LONDON - Three Conservative MPs have quit the party to join the Independent Group in the British Parliament. Anna Soubry, Heidi Allen, and Sarah Wollaston resigned from the ruling party on Wednesday over the government’s handling of Brexit.

The pro-EU legislators have been long-standing critics of May’s strategy to take Britain out of the European Union and will sit with the Independent Group, formed by former Labour MPs this week.

In a letter to British Prime Minister Theresa May, the trio accused the Conservative Partyof abandoning the political centre ground, and said, “The final straw for us has been this government’s disastrous handling of Brexit.” 

With Britain’s departure from the EU due on March 29 and no deal yet agreed on divorce terms, the three legislators accused the government of “recklessly marching the country to the cliff edge of no deal.”

The move is a blow to Prime Minister May’s attempts to unite her party around her Brexit plans. “I am saddened by this decision,” May said in a statement and defended her strategy, adding that the Brexit process was never going to be easy.

“But by delivering on our manifesto commitment and implementing the decision of the British people, we are doing the right thing for our country.” The Independent Group was formed by seven ex-Labour MPs, including Chuka Umunna and Luciana Berger, and was joined by an eighth MP on Tuesday. They said they quit the Labour Party over its Brexit policy and failure to tackle anti-Semitism. Labour leader, Jeremy Corbyn, said he was disappointed that the MPs quit and called on party members to unite.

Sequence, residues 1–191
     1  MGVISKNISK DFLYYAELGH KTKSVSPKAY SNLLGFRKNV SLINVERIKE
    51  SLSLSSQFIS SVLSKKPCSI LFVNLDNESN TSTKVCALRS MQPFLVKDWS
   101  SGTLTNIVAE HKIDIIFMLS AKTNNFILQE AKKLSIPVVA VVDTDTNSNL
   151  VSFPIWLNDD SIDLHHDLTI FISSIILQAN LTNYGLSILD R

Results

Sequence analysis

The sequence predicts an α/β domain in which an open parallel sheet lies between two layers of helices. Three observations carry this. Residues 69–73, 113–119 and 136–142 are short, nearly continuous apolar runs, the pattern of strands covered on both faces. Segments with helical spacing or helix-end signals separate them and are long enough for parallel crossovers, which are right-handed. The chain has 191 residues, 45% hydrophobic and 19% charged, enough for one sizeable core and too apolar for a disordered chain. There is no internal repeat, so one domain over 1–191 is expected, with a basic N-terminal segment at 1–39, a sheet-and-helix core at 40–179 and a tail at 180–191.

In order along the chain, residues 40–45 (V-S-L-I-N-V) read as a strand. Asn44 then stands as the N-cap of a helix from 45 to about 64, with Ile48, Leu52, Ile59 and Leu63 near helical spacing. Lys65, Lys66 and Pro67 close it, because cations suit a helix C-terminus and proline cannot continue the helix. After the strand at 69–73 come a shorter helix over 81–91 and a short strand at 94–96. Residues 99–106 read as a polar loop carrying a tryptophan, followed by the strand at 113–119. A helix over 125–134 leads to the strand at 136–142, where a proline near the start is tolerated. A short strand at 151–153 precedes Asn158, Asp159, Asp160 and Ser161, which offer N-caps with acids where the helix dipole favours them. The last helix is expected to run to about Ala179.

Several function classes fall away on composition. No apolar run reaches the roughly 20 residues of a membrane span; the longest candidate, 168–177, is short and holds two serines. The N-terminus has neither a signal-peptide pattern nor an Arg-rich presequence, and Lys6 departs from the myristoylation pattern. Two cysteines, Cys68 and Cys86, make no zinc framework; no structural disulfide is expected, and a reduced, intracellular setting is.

“I am disappointed that these MPs have felt unable to continue to work together for the Labour policies that inspired millions at the last election and saw us increase our vote by the largest share since 1945,” he said.

None of the MPs who have left their parties have resigned their seats, meaning by-elections will not be held to replace them and they will continue to represent their constituencies in parliament until at least the next election.

Both Labour and the Conservatives have experienced bitter infighting over a number of issues, but primarily Brexit.

May and Corbyn have insisted that the result of the 2016 referendum on EU membership should be respected and have so far ignored calls to hold a second referendum.

The prime minister has repeatedly failed to get her preferred agreement to leave the EU passed in parliament and barring an extension, the UK will crash out of the bloc with no deal.

That would mean trading with the bloc and other countries on World Trade Organization rules, which analysts believe will cause huge economic disruption to the country.

The Independent Group was formed on Monday by the erstwhile Labour MPs, who include Chuka Umunna, Luciana Berger and Chris Leslie. Joan Ryan became the eighth MP to quit Labour and join the group on Tuesday night. The MPs said they felt it necessary to leave Labour because of the leadership’s Brexit policy and failure to tackle antisemitism in the party.